Armstrong RML Model cannon. Assembly -1

Not much happens in each workshop session.  I am still a bit unsure whether I should only post when some significant progress has occurred, or whether the minute daily progress is enough.  Whichever occurs depends on my mood.  At the moment I am posting daily progress.  If it is just too trivial and boring, well, hang in there.  No doubt there will be big significant gaps in the future.

Today I thought about how I would assemble the chassis for the Armstrong cannon.  And I decided to do some woodworking.

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So, I machined a block of wood, exactly the size to separate the chassis girders.

Wood has an advantage over aluminium or steel.  Apart from being cheap, it is slightly compressible.   Here, I have accurately machined a block of wood, and by adjusting the tension in the G-cramps, I can adjust the distance between the girders to exactly what I want.   And using the granite setup block to keep the upper girder surfaces exactly parallel.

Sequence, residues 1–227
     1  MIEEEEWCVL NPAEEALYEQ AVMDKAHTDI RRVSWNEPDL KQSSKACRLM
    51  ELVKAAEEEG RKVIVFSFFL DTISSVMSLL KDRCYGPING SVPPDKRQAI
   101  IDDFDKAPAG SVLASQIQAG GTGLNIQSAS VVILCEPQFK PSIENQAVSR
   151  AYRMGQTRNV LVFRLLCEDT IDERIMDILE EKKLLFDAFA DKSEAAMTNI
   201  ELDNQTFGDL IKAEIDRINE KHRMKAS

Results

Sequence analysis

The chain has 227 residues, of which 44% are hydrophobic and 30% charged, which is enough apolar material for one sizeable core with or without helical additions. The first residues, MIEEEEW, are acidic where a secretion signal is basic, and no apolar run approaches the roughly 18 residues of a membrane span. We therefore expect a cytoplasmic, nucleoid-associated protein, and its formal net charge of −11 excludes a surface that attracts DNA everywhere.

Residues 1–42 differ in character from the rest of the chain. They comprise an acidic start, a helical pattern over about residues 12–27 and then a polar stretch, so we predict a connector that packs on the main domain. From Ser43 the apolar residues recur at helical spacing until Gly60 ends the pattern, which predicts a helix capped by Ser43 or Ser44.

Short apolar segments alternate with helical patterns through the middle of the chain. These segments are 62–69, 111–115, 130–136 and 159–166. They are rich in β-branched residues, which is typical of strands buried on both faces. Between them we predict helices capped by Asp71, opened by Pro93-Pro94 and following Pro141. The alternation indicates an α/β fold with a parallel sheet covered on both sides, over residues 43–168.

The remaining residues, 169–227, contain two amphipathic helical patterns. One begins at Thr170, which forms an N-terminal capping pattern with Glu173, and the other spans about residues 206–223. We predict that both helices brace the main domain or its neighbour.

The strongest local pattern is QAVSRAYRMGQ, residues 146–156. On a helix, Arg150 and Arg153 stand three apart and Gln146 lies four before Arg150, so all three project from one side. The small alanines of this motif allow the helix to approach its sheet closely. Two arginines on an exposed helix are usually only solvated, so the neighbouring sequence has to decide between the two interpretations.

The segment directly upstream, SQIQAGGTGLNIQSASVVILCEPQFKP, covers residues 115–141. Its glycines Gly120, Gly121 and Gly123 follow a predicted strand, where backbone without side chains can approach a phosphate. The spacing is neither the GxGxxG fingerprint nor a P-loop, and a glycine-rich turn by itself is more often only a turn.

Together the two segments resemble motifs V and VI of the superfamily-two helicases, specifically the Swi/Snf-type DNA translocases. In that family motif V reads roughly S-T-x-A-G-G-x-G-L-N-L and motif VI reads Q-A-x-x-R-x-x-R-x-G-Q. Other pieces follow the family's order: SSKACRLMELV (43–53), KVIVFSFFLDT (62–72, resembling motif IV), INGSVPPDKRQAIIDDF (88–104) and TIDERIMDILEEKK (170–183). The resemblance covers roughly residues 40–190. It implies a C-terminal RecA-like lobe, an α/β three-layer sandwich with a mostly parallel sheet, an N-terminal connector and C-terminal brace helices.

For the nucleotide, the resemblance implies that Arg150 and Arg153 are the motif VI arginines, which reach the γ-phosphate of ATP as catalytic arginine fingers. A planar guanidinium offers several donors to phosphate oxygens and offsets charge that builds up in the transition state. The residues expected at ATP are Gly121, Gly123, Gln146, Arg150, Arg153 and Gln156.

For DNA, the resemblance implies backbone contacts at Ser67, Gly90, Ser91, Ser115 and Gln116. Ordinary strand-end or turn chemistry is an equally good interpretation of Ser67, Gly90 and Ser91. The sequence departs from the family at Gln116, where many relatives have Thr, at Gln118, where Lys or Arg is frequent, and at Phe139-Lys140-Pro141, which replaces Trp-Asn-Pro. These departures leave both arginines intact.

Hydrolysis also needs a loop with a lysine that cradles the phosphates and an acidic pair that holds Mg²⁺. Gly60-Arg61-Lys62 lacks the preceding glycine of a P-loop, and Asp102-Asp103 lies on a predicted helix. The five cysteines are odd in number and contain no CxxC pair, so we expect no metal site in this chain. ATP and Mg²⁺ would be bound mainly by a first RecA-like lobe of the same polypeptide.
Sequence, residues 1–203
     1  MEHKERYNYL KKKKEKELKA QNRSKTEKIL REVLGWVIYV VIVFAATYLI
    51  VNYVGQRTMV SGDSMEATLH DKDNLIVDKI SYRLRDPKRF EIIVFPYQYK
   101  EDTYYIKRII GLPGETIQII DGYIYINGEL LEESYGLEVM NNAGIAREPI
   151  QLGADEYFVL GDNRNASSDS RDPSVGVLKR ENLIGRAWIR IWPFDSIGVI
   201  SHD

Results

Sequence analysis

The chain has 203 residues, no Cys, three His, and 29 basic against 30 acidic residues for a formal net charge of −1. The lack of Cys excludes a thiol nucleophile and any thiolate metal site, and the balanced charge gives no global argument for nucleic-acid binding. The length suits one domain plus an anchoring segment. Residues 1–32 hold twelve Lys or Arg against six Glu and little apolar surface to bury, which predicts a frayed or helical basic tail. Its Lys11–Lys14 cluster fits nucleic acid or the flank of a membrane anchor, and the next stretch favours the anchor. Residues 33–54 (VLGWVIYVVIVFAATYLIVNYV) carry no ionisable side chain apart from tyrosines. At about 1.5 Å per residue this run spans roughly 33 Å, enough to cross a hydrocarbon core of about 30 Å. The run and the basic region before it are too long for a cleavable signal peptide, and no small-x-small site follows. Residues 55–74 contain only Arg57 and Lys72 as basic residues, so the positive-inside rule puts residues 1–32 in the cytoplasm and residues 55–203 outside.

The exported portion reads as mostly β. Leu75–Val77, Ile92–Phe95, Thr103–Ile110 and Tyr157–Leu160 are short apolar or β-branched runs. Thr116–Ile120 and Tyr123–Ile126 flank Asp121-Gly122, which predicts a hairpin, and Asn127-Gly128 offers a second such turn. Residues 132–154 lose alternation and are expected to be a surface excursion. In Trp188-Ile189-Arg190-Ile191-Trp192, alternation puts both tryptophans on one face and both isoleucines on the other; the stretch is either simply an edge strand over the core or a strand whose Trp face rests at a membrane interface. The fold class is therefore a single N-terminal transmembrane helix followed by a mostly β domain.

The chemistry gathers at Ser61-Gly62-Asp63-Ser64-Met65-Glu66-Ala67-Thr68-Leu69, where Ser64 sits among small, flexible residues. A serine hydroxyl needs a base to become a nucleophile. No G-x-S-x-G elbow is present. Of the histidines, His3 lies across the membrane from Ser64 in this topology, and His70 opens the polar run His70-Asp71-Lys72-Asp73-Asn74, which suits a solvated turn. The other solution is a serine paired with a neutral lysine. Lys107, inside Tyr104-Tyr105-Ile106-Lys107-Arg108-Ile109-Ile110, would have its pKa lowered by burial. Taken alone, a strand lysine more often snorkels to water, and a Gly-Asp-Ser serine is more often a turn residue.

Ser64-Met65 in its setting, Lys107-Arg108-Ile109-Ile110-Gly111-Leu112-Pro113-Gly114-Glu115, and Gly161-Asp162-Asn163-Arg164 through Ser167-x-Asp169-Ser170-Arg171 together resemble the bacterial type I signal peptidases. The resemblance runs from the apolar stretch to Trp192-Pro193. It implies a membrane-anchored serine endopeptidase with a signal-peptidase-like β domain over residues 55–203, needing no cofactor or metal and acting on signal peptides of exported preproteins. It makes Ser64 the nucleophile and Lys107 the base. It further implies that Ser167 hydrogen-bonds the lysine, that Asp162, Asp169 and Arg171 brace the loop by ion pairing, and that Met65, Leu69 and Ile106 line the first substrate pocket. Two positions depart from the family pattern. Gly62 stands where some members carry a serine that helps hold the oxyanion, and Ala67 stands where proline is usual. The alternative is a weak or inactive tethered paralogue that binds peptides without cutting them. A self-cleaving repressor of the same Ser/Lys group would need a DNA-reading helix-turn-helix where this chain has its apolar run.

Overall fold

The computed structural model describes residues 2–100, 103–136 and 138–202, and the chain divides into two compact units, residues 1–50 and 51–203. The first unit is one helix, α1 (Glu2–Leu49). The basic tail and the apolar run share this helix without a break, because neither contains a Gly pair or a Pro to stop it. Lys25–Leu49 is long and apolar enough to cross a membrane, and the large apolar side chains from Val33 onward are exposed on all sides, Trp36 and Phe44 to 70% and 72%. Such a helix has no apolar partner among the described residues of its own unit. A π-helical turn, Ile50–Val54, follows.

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Getting those girder surfaces exactly parallel, on a granite setup block.

 

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Then I marked out one of the end pieces, filed out the girder flange recesses, and fitted it into place.

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The end piece will eventually be riveted into place, using an angle bracket.  The dented girder corner top right, occurred when I dropped the girder onto the workshop floor!  Or maybe it was a Russian shell hit.

So, not much to show for a 6 hour workshop session, but actually, some decisions made.  And more small steps.

And a BIG discovery!  Another  Internet search has shown some more of this exact cannon at Warnambool, Victoria.  And from the few photos on the net, those Warnambool cannons are more complete than the ones which I measured at Port Fairy!

Ah.  Fuck this virus.  I want to go to Warnambool.